Fish farm parasite could destroy wild pink in decade
Wild pink salmon in B.C.’s Broughton Archipelago face extinction in the next 10 years due to parasitic sea lice found in fish farms, according to a report published in the journal Science today.
The joint study conducted by the University of Alberta, Dalhousie University and Echo Bay’s Salmon Coast Field Station found that if sea lice population growth continues at its current rate, 99 per cent of pink salmon could be wiped out within four generations.
Lead author Mark Krkosek of the University of Alberta said that urgent action is required to prevent total population collapse.
"These fish are only about an inch long. They don’t have any protective scales and all it takes is one or two lice to kill them," he said referring to salmon fry.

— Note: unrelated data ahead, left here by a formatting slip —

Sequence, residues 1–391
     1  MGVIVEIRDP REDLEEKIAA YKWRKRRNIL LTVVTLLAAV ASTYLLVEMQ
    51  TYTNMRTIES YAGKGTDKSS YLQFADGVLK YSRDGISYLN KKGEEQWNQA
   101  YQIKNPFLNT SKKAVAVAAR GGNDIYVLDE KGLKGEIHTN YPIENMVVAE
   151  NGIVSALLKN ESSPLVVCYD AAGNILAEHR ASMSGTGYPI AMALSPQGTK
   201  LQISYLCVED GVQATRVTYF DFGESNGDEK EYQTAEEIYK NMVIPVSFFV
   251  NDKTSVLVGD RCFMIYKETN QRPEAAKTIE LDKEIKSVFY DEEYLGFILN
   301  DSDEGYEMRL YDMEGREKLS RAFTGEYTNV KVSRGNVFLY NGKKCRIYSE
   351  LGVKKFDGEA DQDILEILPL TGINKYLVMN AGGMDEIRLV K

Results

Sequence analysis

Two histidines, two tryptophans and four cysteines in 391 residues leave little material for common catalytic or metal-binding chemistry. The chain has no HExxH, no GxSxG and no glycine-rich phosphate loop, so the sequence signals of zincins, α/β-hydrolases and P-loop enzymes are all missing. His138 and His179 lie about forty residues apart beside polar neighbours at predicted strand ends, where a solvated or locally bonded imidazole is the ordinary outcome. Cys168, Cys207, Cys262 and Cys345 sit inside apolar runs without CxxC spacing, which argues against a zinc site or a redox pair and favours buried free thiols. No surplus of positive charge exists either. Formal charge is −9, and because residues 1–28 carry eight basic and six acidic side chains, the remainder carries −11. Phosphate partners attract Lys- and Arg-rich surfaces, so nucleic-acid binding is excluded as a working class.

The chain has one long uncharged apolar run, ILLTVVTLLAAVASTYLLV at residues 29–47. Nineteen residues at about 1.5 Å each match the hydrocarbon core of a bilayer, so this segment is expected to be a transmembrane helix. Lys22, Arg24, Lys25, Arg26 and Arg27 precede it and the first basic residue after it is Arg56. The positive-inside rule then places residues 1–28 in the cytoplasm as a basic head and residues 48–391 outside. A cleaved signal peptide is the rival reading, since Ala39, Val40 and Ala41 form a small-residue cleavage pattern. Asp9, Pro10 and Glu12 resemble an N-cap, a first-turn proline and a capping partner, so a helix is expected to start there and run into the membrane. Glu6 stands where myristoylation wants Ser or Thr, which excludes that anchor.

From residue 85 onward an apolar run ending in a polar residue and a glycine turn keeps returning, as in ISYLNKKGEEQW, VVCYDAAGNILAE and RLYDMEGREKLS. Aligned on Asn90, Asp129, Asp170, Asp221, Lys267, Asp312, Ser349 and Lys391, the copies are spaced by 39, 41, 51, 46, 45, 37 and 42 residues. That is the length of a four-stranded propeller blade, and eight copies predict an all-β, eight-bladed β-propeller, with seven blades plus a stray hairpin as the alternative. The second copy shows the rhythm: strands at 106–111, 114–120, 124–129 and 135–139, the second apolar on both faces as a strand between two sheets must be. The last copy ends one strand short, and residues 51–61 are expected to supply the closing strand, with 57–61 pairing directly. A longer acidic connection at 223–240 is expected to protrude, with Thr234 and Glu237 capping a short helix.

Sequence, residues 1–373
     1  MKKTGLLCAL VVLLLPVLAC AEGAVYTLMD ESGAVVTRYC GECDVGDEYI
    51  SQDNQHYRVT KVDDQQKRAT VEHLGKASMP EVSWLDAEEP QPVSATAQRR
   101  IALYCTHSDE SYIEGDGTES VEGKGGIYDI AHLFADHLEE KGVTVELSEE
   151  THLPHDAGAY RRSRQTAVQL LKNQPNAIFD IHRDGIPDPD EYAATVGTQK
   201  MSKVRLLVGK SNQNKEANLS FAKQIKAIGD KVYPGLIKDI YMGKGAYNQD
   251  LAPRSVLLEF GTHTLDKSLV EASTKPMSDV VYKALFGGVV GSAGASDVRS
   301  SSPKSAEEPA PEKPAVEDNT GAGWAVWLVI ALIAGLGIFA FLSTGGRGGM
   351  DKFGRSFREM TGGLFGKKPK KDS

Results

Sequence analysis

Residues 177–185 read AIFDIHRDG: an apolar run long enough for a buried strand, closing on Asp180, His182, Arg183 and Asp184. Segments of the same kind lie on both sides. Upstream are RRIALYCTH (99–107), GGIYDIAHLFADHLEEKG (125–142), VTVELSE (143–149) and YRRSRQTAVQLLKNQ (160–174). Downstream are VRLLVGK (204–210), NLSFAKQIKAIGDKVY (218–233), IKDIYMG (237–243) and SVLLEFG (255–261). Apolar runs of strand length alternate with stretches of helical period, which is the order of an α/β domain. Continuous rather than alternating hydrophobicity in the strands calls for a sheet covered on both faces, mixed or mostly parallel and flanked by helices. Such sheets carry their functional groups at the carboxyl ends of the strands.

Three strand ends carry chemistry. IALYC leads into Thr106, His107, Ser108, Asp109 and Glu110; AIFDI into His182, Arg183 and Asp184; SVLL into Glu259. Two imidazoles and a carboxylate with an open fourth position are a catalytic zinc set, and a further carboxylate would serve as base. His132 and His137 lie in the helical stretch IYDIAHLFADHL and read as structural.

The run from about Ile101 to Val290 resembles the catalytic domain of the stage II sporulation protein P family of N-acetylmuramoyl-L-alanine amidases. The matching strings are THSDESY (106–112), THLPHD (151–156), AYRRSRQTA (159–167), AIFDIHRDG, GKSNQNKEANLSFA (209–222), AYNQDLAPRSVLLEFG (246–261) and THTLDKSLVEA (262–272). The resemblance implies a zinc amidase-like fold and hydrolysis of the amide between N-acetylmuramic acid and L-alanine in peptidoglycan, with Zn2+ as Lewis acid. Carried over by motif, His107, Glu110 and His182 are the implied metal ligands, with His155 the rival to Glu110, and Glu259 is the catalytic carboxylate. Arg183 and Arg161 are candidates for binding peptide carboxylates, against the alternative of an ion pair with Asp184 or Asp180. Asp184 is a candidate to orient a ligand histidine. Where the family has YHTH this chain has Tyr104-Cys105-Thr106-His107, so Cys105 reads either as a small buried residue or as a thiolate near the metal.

Krkosek added that spending another 10 years collecting more data is not an option because the fish will be "long gone."
The David Suzuki Foundation quickly released a statement demanding action from the provincial and federal governments.
"In light of these results, it is clear that governments must take immediate precautionary action to stop open net-cage salmon farming from harming wild salmon," it said.
Sea lice kill salmon by attaching themselves to their exterior and feeding on surface tissues such as skin and muscle.